However it may be the case that I haven't correctly applied the Hysenberg Uncertainty principle. I'm pretty sure that when calculating Net Run Rate you have to multiply the speed of light by the mass of Andy Moles BEFORE dividing by the Planck constant. Although it might be Avagadro constant, I never was great at astrophysics.

Certainly Giles looks as though he is accepting the inevitable with the squad for Yorkshire, with Clarke included along with Miller and MacLeod. Ant Botha also seems to be fit again following his hip injury.


Saturday, 6 September 2008

Highly Unlikely

I think it is highly unlikely that there will be any play in the Pro40 match between Warwickshire and Essex tomorrow. The general Moseley area was pretty saturated before today, but we have had some torrential rain today and I cannot see how the ground will be playable. I should however point out that you would be well advised to consult some more reliable sources before changing any travel plans.

The Environment Agency currently have a Flood Watch in place on the River Cole and River Rea (which runs past the back of the Hollies Stand). And as a flood modeller, who has recently worked on a model of Birmingham, I can reliably say that the ground itself is at a fairly high risk of fluvial flooding in an moderately extreme event (75 year flood). In which in the entire outfield and outer ground walk-way would be submerged. It is not immediately obvious at ground level, but the topography is such that the outfield is actually lower than the colt's ground as well as the Tally-Ho sports ground, most of Cannon Hill Park and Calthorpe Park, further downstream. Which increases the risk of flooding should the Rea burst its banks.

The indoor school however is several metres higher and would be OK. I would recommend the club invests in some portable temporary flood barriers to erect to keep any flood water off the outfield at the least. But then I am under qualified to offer this opinion as anything other than an educated layman.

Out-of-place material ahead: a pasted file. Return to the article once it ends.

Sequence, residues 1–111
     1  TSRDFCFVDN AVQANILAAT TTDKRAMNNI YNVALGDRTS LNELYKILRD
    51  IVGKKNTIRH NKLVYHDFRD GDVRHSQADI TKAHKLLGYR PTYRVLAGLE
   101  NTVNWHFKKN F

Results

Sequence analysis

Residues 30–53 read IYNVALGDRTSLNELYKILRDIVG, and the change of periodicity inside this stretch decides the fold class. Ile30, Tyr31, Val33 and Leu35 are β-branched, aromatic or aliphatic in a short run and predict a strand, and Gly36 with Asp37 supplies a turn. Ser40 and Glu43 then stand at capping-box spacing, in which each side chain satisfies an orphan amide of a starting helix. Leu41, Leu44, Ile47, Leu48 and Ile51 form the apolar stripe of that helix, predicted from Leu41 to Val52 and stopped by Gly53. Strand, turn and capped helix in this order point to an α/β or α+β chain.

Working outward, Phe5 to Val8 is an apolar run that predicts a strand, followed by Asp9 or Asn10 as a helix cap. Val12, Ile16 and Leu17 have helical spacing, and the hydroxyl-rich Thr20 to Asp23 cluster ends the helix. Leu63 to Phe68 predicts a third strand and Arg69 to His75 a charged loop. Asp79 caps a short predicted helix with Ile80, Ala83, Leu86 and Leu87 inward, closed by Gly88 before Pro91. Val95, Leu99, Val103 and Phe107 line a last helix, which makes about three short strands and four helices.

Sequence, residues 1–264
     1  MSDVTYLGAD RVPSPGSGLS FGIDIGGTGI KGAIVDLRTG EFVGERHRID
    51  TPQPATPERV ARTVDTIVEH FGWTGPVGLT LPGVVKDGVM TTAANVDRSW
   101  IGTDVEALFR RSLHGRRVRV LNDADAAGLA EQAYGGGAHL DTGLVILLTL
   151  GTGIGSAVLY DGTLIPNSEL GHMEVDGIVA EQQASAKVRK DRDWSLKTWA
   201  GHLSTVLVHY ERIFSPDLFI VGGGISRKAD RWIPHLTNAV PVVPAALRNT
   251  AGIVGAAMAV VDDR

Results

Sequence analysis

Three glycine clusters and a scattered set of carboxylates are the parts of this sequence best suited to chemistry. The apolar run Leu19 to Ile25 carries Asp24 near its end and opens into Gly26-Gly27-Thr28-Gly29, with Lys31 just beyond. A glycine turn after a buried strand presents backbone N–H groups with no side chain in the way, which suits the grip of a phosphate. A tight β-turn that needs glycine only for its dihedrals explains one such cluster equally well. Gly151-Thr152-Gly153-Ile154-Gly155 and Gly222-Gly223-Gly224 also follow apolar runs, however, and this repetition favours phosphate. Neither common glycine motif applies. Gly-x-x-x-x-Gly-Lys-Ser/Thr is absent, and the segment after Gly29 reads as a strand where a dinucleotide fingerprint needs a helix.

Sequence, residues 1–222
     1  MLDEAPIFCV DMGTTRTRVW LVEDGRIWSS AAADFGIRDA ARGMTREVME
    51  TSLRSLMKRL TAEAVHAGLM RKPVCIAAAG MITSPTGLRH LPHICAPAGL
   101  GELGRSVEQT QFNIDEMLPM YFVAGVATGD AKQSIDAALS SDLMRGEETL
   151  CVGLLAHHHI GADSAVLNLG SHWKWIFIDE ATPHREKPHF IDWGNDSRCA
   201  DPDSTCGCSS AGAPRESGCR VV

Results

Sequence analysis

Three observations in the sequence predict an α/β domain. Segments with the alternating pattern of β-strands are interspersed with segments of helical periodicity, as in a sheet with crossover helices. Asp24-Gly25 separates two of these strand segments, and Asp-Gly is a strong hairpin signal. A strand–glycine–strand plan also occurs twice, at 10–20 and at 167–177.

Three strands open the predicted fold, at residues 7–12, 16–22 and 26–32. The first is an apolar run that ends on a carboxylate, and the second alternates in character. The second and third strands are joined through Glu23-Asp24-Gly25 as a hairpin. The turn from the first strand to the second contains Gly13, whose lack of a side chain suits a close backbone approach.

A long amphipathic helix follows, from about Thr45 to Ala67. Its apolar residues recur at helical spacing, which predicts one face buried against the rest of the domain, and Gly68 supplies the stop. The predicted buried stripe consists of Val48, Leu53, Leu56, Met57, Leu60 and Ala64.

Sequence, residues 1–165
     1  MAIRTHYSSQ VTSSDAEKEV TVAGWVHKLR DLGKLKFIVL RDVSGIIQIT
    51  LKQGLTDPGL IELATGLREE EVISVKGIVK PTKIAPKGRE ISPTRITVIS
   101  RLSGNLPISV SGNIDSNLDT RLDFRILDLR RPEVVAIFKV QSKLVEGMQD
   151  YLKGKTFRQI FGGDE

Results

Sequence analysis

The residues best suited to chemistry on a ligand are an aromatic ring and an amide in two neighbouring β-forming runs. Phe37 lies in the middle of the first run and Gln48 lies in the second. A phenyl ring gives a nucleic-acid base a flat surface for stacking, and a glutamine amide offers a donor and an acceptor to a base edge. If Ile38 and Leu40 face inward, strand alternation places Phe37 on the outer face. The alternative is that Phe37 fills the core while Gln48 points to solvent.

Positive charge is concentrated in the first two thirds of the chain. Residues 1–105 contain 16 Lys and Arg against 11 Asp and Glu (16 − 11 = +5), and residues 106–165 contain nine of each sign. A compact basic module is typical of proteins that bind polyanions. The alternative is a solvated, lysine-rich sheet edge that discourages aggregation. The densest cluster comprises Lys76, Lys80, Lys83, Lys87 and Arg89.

Back to the cricket meanwhile and whilst I don't think there is any chance of the ground being flooded tomorrow, the Met Office are showing the forecast as light rain. I think it could well be that this puts pay to any lingering hopes the Bears had of getting promoted in the Pro40, as they needed to win all their remaining matches.


Back in Brum

My stint in Yorkshire has come to an end and now I am firmly ensconced in Moseley with round the clock internet access. This will not however result in any noticeable increase in output or quality, as I am essentially a feckless so and so. Although it does mean I get my post more regularly.


Wednesday, 3 September 2008

How to better appriciate the blog

I appreciate that sometimes it might appear that I almost vomit content onto this blog with no thought to presentation or common sense. However I can assure you that the truth is quite the opposite, although I don't have a home computer for most of the week and have a full time job I still reckon I do a fair job of keeping this thing going (well at least in the past few weeks - the periods of June and July we don't talk about, they have been scrubbed from the annual of the Raggybear). So it is with great annoyance that having spent a long time messing with the HTML/XML code that underpins the blog in order to make it look all nice and have three columns that I have found out that Internet Explorer users are actually seeing the middle column half-way down the page, under the posts.

I have tried several things and cannot seem to fix it. It defies logic and rational argument. Therefore I think it is just easier if you all upgrade to firefox. Its a lot better anyway and you can think of it in terms of your enjoyment of the Raggybear, as like gazing up at the ceiling of the Sistine Chapel in person, as opposed to looking at it on a mobile phone camera.

Get Firefox. Enjoy the Raggybear in all its renaissance glory. Its that simple people.


Tuesday, 2 September 2008

Sometimes I don’t know my own strength

Graeme Hick has announced his retirement from cricket with effect from the end of the season. I can’t help but feel partially responsible after my tongue-in-cheek article last week about the aging county championship. Could it have been that Hick read it and thought now was the time to hang up his bat? Probably not on reflection.